The Asia Miner

APR-JUN 2019

The ASIA Miner - Reporting Important Issues to Mining Companies in the Asia Pacific Region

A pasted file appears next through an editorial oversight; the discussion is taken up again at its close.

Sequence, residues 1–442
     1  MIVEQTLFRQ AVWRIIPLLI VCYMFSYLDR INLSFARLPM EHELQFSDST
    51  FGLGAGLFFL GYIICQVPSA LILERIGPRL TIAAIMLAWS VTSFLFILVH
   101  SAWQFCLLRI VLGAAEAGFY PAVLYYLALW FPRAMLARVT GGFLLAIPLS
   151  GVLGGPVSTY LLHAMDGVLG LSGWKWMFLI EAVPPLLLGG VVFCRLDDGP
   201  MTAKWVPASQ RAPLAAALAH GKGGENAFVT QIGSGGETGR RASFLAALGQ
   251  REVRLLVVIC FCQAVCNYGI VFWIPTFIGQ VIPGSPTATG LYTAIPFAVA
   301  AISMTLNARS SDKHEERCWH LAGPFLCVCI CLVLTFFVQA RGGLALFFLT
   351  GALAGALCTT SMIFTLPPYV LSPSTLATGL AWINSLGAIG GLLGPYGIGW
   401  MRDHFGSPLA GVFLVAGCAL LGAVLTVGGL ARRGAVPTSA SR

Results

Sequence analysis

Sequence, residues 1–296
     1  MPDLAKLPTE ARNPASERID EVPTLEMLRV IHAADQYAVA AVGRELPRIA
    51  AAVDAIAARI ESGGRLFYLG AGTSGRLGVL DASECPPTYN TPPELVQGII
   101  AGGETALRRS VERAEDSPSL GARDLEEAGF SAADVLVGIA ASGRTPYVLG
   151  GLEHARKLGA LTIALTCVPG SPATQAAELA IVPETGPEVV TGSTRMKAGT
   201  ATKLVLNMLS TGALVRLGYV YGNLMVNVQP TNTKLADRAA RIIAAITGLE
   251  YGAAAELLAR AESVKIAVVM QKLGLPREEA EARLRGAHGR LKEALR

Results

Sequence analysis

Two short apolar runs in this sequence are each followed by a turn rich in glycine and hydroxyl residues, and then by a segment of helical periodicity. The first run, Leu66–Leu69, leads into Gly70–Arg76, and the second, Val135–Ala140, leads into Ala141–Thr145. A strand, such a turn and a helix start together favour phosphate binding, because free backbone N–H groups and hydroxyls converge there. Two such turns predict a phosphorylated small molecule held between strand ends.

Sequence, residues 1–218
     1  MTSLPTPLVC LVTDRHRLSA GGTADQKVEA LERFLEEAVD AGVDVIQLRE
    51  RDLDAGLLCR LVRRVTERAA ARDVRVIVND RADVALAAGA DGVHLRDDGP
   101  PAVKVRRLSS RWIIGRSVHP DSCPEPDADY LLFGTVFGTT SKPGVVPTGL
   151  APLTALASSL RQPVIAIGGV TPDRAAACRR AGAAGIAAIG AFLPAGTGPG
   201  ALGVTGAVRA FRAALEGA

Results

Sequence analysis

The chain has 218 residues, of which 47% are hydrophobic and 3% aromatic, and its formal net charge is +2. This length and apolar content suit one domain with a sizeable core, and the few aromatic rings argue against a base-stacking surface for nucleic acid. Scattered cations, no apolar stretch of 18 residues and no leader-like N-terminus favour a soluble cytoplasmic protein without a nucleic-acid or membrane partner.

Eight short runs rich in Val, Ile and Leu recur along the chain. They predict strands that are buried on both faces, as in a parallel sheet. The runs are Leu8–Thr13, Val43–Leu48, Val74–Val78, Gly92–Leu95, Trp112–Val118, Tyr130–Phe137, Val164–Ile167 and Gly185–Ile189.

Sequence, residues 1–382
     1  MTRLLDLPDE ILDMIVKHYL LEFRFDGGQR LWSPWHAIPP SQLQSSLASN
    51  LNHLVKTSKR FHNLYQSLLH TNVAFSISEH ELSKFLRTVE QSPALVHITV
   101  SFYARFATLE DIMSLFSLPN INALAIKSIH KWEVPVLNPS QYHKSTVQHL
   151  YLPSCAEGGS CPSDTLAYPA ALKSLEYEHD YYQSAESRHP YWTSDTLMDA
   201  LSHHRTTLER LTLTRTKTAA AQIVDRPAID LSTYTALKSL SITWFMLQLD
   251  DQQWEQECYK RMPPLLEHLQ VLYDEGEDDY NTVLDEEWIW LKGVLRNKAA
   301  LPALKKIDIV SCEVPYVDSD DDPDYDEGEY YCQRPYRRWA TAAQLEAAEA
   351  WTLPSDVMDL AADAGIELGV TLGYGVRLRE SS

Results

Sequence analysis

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the asia miner • volume 16 • issue 2 10 REGIONAL FOCUS: SE Asia & Indonesia PMR has released a new market study on "Bauxite Mining Market: Global Industry Analysis 2013-2017 and Forecast 2018–2026", which does a deep dive analysis of the global bauxite mining market for the next eight years. The report evaluates all key macroeconomic factors, discussing the dynamics in the global bauxite mining market and analysing the latest trends and opportuniঞes across the value chain of the Bauxite Mining market. According to the report, bauxite mining is projected to grow at a significant compound annual growth rate (CAGR) of 6.6 per cent and will reach more than US$20,661 million by the end of 2026. Asia Pacific is one of the most prominent regions in the global bauxite mining market. In terms of consumpঞon, the region is esঞmated to hold more than a 79.3 per cent share in the global market by the end of 2028. With the growing demand for aluminium products across the globe, bauxite acঞviঞes will increase and are expected to gain significant tracঞon in the coming years. Growing adopঞon of aluminium products across the globe, owing to their light weight and other such properঞes, will also be a key driver for the bauxite market. Although bauxite is available in huge quanঞঞes across the globe, its mining and export paerns have changed significantly according to availability. Bauxite is majorly consumed in the manufacturing of alumina within the aluminium industry. Approximately 6.5 per cent of total bauxite produced is consumed in non-metallurgical applicaঞons, such as in abrasives, refractories, chemicals and others. In the global market, some of the top bauxite mining countries are Australia, China, Guinea, Brazil and India. These countries are the top five bauxite mining countries, holding an 86.2 per cent share in the total global producঞon of bauxite in 2017. Similarly, the top five bauxite consuming countries are China, Brazil, Australia, India and Russia, holding an 81 per cent share of total bauxite consumpঞon in 2017. Following a global primary aluminium producঞon increase of 5.8 per cent in 2017, the outlook for the aluminium industry conঞnues to be posiঞve in SE Asia, China and Pacific to remain dominant bauxite markets SE Asia, China and Pacific to dominate bauxite markets spite of the ongoing poliঞcal uncertainty due to various poliঞcal stances, such as import tariffs by the US on aluminium, Brexit and concerns that China – as the world's leading producer of aluminium and its semi-finished products – might increase its exports to the European markets. Indonesia has re-entered the bauxite market a[er the ban imposed on the export in 2014, when the Indonesian government had banned the export to enhance its own smelঞng industry. Malaysia is also expected to re- enter the market during the first half of 2019 a[er banning bauxite mining in 2015 with an aim to curb growing polluঞon due to sudden expansion in bauxite producঞon in the country. The key reason behind this expansion of producঞon in the country was to fill the supply gap in 2014 a[er the Indonesian government banned bauxite export. Cited in local media, Xavier Jayakumar, Malaysia's Water, Land and Natural Resources Minister, said the new government which took power last year has decided not to extend a moratorium that ends on 31 March 2019. "Industry players can resume mining by April, but they must adhere to strict mining condiঞons," he told AFP, adding the move was to allow Pahang to earn crucial extra revenue. The announcement will also allow the export of approximately 432,000 tonnes of high-grade bauxite currently stored at Kuantan port on the South China Sea. It is not clear whether the policy shi[ will lead to a new boom in bauxite mining in Malaysia, however, parঞcularly as Indonesia started allowing exports again in 2017. Bauxite mining can release carcinogenic heavy metals such as stronঞum, caesium and other harmful substances, as well as low levels of radiaঞon. Addiঞonal to the environmental and health complaints, criঞcs of bauxite mining argued that most of the operaঞons were illegal and "done amateurishly with no government oversight".

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